About EP 12.0

To the Class of 2020,

Welcome to Fordham College at Lincoln Center and the world of college writing! This year’s issue of EP collects eleven essays, each written by a Fordham student last year in Composition and Rhetoric I, II, or Texts and Contexts. We congratulate the class of 2019 on the excellent writing represented here. Their work represents some of the finest Fordham has to offer, and we hope that it impresses, instructs, and inspires you to excel in your own writing. We also hope that in reading these essays, you will be moved to find your own voice, to ask your own questions of what you read and of the world around you, and to engage your mind with the rich and moving ideas and texts that college allows you to explore.

What is EP? EP is short for eloquentia perfecta, a Latin phrase meaning the right use of reason combined with eloquent expression. This idea of eloquentia perfecta has long been central to Jesuit education, and EP’s mission is to draw on the best of that tradition while bringing it into the 21st century. You will find perfect eloquence here in this expository prose, and you will also find extended play: essays that take an idea and break it apart, look at it from a new angle, and remix it, showing it to us anew.

Central to the exemplary nature and theme of EP 12.0, this issue also presents its own formal remixes. EP 12.0 marks the first year that the journal will be available in print and on the web (https://eloquentiaperfecta.org), enabling an even greater number of readers to access, read, and enjoy this exceptional collection of essays. In addition to bringing EP into the digital age, we instituted an even more rigorous blind peer review. Modeled upon the process used at our sister publication at Rose Hill, Rhētorikós, EP 12.0 relied upon two reading periods to winnow a large and impressive batch of essays.

Each submission received anonymous consideration from two members of our peer review board, comprised of eleven graduate students from the Graduate School of Arts and Sciences, traversing Fordham’s Rose Hill and Lincoln Center campuses. On numerous occasions, we arrived at split decisions, requiring the intervention of a third reader. Essays selected through the blind peer review were returned with two detailed reader reports (typically about 500 words) with which authors revised and resubmitted essays. Finally, the editors coordinated with authors to copy-edit final essays. With an acceptance rate of about 30 percent, EP 12.0 is one of our most rigorous issues to date, illustrating the best of first-year writing at Fordham’s Lincoln Center campus.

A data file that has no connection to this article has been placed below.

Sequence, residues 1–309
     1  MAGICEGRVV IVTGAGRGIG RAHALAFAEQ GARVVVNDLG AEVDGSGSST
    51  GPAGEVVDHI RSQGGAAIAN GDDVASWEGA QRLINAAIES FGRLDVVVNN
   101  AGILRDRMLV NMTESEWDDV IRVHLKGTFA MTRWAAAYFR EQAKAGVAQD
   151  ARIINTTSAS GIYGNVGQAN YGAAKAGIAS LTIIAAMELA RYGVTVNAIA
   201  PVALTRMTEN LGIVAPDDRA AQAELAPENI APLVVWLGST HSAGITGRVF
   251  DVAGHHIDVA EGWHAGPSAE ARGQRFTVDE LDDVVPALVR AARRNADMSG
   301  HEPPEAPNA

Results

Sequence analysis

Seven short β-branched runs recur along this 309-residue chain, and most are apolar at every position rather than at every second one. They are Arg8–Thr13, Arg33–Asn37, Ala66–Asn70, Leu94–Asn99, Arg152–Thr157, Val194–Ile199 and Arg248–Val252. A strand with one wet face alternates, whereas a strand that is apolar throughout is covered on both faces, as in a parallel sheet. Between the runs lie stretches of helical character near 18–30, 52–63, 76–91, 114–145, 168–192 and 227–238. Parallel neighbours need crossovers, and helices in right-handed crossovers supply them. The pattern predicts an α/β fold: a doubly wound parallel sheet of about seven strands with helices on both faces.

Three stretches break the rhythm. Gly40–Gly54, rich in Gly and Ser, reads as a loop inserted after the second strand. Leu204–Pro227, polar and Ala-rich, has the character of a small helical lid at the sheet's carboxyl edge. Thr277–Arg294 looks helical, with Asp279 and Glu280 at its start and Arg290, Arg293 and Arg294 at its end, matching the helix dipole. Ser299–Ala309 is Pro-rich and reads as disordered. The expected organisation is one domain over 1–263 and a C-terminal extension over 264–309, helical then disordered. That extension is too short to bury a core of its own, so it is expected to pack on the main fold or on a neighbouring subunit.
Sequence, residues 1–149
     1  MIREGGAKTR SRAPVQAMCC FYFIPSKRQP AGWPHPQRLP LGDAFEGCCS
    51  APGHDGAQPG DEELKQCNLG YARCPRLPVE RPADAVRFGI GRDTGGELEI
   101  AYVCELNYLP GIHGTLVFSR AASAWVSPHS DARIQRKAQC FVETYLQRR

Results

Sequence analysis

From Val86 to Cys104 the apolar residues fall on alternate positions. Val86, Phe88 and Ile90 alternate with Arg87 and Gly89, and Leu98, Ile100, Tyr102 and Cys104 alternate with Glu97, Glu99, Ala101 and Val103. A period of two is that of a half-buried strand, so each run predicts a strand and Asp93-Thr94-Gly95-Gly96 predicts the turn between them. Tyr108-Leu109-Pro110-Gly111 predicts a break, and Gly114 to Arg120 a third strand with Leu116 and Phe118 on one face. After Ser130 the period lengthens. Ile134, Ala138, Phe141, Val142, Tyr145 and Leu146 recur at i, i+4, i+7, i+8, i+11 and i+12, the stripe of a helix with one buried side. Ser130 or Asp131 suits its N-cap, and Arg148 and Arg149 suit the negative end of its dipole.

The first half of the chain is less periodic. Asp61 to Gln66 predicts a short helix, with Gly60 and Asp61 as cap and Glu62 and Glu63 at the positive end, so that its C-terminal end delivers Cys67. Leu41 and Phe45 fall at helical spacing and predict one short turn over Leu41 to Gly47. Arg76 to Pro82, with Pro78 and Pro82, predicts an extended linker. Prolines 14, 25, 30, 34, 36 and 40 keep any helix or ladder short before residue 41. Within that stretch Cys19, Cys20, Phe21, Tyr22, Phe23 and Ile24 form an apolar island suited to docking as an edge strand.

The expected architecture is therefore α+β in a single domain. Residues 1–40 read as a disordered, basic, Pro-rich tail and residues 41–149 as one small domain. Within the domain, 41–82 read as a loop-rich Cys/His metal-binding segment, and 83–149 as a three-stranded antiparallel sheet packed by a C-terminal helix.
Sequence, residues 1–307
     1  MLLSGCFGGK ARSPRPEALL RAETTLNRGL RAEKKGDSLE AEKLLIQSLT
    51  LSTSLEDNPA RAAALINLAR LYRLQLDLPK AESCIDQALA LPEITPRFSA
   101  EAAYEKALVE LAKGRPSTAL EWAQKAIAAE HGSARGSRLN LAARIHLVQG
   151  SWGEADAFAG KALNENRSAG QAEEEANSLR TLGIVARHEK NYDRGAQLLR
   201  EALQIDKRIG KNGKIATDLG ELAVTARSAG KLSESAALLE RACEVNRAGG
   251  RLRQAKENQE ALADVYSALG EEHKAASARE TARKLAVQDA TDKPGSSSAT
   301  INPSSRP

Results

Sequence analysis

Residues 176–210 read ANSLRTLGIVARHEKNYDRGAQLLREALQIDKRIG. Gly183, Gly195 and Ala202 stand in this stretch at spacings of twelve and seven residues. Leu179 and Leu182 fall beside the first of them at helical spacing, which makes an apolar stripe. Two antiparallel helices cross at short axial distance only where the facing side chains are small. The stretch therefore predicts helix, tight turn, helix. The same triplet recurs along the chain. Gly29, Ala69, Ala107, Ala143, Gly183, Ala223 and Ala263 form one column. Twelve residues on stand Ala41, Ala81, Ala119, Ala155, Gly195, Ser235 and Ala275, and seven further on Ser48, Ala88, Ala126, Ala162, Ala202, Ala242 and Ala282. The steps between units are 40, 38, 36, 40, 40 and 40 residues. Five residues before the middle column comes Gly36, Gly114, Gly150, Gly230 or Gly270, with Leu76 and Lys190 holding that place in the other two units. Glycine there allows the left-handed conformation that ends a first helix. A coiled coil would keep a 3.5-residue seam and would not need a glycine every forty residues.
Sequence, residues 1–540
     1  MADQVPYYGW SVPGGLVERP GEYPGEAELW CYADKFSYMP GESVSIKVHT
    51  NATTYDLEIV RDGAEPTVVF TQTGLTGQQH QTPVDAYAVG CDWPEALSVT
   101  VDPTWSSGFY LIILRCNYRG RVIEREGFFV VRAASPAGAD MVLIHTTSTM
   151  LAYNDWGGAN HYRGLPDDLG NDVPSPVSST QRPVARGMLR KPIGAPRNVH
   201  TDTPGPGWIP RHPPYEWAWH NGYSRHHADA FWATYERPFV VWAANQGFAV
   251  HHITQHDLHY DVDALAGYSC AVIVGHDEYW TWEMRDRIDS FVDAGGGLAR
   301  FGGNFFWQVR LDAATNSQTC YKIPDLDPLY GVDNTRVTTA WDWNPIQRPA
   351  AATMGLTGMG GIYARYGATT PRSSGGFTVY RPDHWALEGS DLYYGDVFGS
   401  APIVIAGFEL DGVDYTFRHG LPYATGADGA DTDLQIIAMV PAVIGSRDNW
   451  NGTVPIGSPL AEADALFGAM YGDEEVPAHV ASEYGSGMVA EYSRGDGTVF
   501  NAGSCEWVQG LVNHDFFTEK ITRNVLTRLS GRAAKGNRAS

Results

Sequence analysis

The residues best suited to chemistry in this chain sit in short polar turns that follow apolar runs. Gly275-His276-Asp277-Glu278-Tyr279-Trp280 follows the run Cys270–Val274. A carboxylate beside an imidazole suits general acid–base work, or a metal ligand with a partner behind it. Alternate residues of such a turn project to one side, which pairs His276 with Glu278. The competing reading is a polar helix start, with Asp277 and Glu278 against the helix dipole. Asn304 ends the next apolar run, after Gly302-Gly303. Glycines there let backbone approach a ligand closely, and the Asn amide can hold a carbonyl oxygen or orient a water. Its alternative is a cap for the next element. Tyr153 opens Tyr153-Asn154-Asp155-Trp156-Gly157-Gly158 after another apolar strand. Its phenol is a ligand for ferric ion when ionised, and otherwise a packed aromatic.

We are proud of the essays in this collection, and we believe that they are even stronger when placed in conversation with one another. To this end, our chosen cover image, an historical postcard for for the Lincoln Center campus, invites readers to consider the disjunction between appearance and experience in the past as well as in the present. As messages sent from one person to another, postcards work by putting an image into conversation (and sometimes even tension) with the written message they accompany. Such conversations between present-day writing and historic images, ideas, and practices appear throughout this issue of EP. We hope readers will approach the contents of this journal as a kind of gloss to EP 12.0’s historic cover image of Fordham Lincoln Center as they work in the present to become active members of our University’s community.